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SPiN Perc™ Key to Accessing Nodule in Difficult Location

NAVIGATED TTNA OF LUL NODULE
Author
Dr. Mark Boomer

Pulmonologist

St. John Broken Arrow Hospital

Broken Arrow, OK

Patient Information: 63 y/o, M

Scan Protocol: Veran Inspiration/Expiration CT Scan Protocol

Nodule: LUL 33mm

Biopsy Result: Malignant

Instruments Used: SPiN Perc™, Always-On Tip Tracked® Serrated Forceps and 19 ga Needle

Conclusion: Squamous Cell Carcinoma; Treatment of local radiation therapy and chemotherapy

Observations

“SPiN Perc™ is a major advantage of the Veran system. Using SPiN Perc™ in combination with navigated bronchoscopy was crucial in obtaining enough tissue for pathology to confirm a diagnosis of this nodule.”

Patient History
The patient is a 63-year-old male with a history of previous lung cancer in 2018. A nodule in the LUL, previously marked with a fiducial for radiation, had grown in size over the last few months. The patient was referred to Dr. Boomer for a navigated bronchoscopy and possible navigated TTNA to determine if the nodule is a recurrence or a new type of malignancy.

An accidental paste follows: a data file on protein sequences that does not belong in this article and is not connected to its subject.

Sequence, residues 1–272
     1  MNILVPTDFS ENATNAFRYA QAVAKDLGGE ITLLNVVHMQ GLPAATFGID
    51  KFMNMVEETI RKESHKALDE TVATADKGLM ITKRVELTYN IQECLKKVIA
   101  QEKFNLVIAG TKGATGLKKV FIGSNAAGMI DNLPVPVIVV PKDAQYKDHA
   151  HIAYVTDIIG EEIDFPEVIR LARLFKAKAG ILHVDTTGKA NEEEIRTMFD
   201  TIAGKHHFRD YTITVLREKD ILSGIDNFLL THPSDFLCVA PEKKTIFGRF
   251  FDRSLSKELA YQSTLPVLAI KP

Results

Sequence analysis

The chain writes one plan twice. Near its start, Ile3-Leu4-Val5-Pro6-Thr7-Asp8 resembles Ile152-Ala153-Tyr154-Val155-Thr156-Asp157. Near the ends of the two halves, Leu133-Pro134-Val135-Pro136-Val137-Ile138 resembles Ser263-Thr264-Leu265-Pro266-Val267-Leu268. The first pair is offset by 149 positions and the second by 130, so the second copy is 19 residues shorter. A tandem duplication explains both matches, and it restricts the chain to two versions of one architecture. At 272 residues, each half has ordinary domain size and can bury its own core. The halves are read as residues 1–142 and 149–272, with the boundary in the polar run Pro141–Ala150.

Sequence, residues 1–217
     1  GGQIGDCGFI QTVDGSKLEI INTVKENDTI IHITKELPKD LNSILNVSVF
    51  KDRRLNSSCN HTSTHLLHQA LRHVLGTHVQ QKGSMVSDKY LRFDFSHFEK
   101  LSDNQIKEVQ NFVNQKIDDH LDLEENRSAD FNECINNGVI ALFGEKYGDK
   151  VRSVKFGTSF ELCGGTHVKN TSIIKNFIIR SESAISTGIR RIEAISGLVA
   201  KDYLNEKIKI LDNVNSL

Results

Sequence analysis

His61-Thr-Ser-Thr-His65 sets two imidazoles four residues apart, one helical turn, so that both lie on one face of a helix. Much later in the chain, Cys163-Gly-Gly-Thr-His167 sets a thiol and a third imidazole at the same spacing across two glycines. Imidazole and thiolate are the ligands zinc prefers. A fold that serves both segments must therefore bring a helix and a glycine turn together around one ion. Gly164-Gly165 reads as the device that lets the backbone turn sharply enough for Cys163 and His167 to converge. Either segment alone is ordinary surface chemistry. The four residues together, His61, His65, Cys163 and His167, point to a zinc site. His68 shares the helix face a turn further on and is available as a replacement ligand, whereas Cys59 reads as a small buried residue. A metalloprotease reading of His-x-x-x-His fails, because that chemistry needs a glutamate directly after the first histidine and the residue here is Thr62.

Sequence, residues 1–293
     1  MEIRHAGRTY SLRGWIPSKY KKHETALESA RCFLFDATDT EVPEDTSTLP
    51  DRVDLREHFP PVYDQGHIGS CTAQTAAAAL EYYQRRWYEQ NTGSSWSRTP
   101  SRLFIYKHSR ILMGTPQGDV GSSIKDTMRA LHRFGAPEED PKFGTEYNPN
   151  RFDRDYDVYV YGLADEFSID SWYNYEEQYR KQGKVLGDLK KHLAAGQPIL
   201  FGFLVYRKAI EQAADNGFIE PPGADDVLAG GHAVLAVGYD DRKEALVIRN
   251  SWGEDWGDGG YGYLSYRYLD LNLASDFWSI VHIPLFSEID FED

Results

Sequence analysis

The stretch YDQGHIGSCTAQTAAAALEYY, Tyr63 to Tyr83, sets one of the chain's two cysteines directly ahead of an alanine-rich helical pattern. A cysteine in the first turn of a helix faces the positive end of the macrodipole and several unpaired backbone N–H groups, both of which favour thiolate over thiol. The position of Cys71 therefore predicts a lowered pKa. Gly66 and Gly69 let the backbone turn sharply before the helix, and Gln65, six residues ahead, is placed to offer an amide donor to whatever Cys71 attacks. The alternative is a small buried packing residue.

Planning
Dr. Boomer used the SPiN Planning™ software to segment the LUL mass and define a pathway to biopsy the mass using endobronchial navigation. He then planned a trajectory to access the nodule using SPiN Perc™. Although the nodule was in a difficult location, close to the patient’s aorta, Dr. Boomer was able to carefully plan a path with the SPiN Planning™ software.

Procedure
A Navigated Bronchoscopy was performed first using SPiN Drive® to access the LUL mass using Always-On Tip Tracked® forceps and 19ga needle. To be certain he obtained enough tissue to fully diagnose the lesion, Dr. Boomer transitioned to a SPiN Perc™ procedure. The nodule was located very close to the aorta. Respiratory gating as well as using all 3 entry views on the system was key in making access smooth to this difficult location. Dr. Boomer used a 19ga x 105mm percutaneous Always-On Tip Tracked® introducer needle, FNA needle, and core biopsy gun to take multiple samples of the lesion. Pathology determined the nodule was malignant, and specifically a recurrence of squamous cell carcinoma.

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